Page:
In response to a recent post questioning why someone would want to run a firewall-less network, Lori MacVittie tweeted that performance might be one reason with a link back to a a recent article she wrote:  http://devcentral.f5.com/weblogs/macvittie/archive/2011/02/16/challenging-the-firewall-data-center-dogma.aspx

The Firewall in Front of the Data Center

In her article, MacVittie is not advocating doing away with firewalls, but she is questioning the dogma of a firewall in the data center, specifically firewalls protecting Web Services.  The basic premise is that firewalls can be a bottleneck, or worse a point of failure, due to performance issues or denial of service attacks.  I completely agree that this design should be questioned in this case.  That may seem odd coming from a firewall management vendor like FireMon, but firewalls are not the end-all of security and we don’t advocate ineffective use of the technology.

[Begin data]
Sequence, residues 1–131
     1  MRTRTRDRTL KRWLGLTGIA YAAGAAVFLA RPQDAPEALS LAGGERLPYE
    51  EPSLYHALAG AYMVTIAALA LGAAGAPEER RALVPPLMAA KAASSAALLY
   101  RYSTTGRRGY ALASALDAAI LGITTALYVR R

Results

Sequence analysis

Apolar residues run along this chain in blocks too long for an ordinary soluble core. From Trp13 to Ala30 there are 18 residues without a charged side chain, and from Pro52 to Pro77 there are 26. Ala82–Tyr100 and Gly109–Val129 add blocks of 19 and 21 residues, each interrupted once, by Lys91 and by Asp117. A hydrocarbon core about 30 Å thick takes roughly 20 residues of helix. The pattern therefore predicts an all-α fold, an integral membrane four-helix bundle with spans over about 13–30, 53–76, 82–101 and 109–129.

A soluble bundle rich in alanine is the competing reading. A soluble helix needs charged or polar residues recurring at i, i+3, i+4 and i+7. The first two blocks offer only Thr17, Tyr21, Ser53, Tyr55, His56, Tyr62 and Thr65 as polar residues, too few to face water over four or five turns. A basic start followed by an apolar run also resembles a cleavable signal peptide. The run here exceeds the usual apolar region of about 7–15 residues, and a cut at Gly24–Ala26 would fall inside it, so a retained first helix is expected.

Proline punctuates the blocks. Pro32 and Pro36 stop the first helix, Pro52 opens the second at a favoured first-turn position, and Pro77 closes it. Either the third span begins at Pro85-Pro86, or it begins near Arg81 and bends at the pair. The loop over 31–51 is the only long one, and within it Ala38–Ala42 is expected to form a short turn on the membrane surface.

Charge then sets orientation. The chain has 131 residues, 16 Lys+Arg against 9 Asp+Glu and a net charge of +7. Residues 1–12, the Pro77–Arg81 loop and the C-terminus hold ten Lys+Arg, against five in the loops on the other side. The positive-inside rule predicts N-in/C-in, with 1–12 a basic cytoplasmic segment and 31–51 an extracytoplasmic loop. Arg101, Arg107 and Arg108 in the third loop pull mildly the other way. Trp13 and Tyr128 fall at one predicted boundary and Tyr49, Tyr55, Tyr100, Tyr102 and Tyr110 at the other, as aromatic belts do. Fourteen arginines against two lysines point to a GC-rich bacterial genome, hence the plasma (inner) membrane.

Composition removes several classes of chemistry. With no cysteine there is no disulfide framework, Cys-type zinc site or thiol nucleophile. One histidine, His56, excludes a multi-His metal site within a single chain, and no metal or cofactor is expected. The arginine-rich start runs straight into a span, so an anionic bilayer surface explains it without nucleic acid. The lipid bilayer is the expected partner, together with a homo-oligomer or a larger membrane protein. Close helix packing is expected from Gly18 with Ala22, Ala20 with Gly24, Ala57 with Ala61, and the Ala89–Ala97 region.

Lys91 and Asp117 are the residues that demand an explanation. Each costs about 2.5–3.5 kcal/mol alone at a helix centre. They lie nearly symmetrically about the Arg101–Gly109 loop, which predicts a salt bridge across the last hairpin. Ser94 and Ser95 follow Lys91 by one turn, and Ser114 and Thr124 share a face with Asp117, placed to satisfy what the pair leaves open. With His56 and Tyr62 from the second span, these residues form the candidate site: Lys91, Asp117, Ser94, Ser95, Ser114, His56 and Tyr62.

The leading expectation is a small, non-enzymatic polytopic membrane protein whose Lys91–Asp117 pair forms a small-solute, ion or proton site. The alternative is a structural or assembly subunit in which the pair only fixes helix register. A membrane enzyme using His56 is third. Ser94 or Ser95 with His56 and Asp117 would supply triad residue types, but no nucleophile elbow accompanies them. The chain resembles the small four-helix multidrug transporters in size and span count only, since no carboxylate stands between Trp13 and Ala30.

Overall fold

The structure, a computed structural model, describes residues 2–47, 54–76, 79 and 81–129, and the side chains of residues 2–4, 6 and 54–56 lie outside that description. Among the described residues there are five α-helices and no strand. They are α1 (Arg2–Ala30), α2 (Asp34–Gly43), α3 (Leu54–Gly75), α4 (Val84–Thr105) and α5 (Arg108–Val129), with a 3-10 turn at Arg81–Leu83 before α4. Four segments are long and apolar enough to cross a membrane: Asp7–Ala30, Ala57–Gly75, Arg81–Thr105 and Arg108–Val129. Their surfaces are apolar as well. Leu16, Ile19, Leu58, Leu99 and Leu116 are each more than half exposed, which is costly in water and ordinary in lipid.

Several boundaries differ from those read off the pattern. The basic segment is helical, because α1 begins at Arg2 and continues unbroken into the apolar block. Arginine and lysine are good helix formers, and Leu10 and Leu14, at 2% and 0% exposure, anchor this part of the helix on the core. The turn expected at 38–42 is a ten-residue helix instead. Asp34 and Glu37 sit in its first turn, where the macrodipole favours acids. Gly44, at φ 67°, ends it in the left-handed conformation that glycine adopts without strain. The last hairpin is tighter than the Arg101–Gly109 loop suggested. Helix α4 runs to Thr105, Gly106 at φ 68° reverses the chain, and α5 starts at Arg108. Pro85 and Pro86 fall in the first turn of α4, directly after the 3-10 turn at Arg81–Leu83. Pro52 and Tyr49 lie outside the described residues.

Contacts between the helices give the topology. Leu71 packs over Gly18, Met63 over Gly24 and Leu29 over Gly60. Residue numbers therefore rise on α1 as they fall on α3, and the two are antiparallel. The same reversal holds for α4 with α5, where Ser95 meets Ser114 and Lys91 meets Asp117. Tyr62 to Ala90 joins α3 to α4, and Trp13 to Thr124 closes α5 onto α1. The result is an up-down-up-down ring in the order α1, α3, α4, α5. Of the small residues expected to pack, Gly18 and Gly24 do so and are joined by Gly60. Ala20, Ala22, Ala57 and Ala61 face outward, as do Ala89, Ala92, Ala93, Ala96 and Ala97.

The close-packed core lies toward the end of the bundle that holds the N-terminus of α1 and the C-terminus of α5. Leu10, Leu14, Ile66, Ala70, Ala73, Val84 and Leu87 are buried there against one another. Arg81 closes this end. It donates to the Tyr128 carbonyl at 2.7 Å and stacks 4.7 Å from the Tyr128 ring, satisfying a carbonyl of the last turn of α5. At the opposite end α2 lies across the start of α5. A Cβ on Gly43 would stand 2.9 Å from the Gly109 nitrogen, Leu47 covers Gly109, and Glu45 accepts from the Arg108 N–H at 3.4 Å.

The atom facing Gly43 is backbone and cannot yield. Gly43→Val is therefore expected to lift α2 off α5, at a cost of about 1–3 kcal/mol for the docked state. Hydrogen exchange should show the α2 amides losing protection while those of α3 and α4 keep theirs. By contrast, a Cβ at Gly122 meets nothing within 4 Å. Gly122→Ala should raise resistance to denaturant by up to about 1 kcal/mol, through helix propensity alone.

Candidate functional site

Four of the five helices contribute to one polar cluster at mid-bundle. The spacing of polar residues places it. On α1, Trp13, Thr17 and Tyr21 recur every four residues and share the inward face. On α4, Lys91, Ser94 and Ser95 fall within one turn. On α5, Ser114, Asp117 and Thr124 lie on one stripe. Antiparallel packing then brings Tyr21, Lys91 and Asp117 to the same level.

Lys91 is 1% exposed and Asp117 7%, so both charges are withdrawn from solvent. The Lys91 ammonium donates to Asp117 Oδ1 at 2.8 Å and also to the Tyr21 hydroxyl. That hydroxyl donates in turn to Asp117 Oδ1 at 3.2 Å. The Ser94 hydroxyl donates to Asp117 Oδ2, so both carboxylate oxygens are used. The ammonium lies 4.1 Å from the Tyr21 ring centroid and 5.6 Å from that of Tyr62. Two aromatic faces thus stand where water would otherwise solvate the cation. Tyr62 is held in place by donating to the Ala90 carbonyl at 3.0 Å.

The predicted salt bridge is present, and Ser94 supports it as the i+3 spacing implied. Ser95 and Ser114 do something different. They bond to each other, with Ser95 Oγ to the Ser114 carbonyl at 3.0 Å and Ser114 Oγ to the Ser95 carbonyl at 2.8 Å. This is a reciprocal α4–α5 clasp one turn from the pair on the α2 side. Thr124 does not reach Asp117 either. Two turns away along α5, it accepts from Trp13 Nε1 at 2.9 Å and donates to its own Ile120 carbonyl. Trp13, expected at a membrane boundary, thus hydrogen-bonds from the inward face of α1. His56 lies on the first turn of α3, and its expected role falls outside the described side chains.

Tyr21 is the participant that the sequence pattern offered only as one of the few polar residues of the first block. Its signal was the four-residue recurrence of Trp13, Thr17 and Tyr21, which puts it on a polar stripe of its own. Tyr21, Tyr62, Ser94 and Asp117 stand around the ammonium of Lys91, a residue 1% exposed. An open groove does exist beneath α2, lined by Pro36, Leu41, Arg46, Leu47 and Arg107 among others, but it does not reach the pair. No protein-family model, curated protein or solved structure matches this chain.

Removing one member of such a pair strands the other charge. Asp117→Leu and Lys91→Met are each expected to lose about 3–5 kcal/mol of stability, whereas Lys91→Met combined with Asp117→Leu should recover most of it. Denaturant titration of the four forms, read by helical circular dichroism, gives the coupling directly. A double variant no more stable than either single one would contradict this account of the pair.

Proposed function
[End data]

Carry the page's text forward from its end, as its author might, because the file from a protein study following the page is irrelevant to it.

Public facing services, which are most susceptible to denial of service attacks, have a unique access requirement of allowing everyone.  When you have a service that is needed by everyone, access control is not really controlling much and does raise the question of why implement a firewall at all. However, this does not mean there is not a role for the firewall in this architecture.  In fact, it is now critical to ensure access is

The Firewall Inside the Data Center

controlled from this public system to any other system on the network.  In the traditional sense of a DMZ, no access should be allowed from this public system to any other protected system to protect the network in the event of a breach.  Addressing this access control requirement results in implementing a firewall technology limiting communication between systems behind the web server.

I agree with MacVittie that just because it is how something has historically been done is not justification for continuing to do it that way.  But I also don’t see this as a reason to run a network without a firewall; just a discussion about where to implement them.  In all cases, regardless of where the firewall is implemented, the key to ensuring it is an effective security control is to effectively manage it.